Friday, January 30, 2009

The Ultimate Lucid Dreamer Manual From Basics To Beyond

The Ultimate Lucid Dreamer Manual From Basics To Beyond Cover

Book: The Ultimate Lucid Dreamer Manual From Basics To Beyond by Mark Van De Keere

Have you ever had a flying dream where you ecstatically soared through the air over breathtaking views as the wind raced warmly against your face? Have you ever dreamed you were swimming with friends on a beautiful tropical island? Imagine your favorite dream. Did you enjoy the experience any less because it was a dream? Even though it was a dream, the experience itself was still amazingly fulfilling.

Now, imagine if you had known that you were dreaming while you were dreaming. Imagine the thrill of being totally aware and fully conscious while dreaming and capable of experiencing anything that your heart desires. The ability to maintain full awareness while dreaming is most commonly referred to as lucid dreaming, and this manual will provide you with all the tools that you will need to develop this natural ability. Before delving into the topic it would be a great idea to contemplate all the benefits and possibilities that lucid dreaming has to offer.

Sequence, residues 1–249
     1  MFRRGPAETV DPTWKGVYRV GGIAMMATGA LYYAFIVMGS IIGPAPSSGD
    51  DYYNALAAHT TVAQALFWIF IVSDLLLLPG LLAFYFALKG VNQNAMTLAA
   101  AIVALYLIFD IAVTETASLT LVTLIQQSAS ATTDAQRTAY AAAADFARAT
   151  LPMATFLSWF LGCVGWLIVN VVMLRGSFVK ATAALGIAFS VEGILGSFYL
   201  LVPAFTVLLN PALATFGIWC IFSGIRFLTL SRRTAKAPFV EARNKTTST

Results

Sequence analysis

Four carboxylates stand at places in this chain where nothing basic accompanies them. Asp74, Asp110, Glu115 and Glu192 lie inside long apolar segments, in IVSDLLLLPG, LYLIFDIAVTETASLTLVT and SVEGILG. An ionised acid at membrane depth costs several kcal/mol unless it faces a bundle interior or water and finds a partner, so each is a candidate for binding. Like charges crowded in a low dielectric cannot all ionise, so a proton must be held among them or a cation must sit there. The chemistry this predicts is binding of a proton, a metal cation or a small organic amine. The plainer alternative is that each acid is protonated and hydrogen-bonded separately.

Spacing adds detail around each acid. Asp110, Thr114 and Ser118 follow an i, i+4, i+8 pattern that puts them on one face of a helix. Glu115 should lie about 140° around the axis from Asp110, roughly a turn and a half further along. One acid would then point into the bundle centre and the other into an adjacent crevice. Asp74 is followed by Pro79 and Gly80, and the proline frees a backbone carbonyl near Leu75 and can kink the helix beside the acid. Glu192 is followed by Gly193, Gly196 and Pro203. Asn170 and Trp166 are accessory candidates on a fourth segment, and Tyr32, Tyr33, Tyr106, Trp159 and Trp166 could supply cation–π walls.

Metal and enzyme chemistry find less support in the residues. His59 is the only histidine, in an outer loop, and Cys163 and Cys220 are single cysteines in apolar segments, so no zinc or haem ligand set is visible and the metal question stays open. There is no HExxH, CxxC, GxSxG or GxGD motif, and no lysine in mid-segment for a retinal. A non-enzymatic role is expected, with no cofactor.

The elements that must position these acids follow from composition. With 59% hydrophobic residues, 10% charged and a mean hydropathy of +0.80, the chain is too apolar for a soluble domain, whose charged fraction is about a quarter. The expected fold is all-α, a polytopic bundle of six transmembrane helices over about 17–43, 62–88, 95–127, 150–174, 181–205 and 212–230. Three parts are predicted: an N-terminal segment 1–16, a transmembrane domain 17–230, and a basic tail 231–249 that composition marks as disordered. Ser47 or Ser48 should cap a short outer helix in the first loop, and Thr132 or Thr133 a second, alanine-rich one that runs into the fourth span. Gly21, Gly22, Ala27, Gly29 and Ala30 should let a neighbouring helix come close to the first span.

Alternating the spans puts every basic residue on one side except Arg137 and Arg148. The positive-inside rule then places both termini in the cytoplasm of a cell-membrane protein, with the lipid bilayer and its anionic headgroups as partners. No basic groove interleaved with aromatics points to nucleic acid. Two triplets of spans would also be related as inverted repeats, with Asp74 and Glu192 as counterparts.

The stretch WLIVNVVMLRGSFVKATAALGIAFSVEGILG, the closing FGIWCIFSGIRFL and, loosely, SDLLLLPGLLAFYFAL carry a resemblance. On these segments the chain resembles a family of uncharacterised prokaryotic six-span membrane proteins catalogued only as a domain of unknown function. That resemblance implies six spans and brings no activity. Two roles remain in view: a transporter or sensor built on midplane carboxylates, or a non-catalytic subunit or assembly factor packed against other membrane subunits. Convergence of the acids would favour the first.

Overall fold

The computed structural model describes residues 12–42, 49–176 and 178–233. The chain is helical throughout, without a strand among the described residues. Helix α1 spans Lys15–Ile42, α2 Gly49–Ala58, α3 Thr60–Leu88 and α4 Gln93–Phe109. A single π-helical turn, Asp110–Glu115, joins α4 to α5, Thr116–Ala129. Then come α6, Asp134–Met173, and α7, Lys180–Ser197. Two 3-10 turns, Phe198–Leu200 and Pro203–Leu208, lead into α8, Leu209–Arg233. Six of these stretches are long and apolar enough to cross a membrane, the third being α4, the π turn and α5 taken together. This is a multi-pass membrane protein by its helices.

This manual is a journey of self-discovery and self-empowerment. The path begins with you and within you. Throughout your journey you will not only learn how to dream lucidly but you gain a better understanding of yourself along the way. Your travels will be influenced by all the factors that affect you in your waking life so by developing your dreaming side you will be cultivating a better waking self as well.

Buy Mark Van De Keere's book: The Ultimate Lucid Dreamer Manual From Basics To Beyond

Books in PDF format to read:

Nathan Elkana - The Master Grimoire Of Magickal Rites And Ceremonies
Alexander Mackenzie - The Celtic Magazine Vol Xi Orc Version
Kerri Connor - The Pocket Spell Creator Magickal References At Your Fingertips
Mark Van De Keere - The Ultimate Lucid Dreamer Manual From Basics To Beyond

Friday, January 23, 2009

The Goals Of Zoroastrianism

The Goals Of Zoroastrianism Cover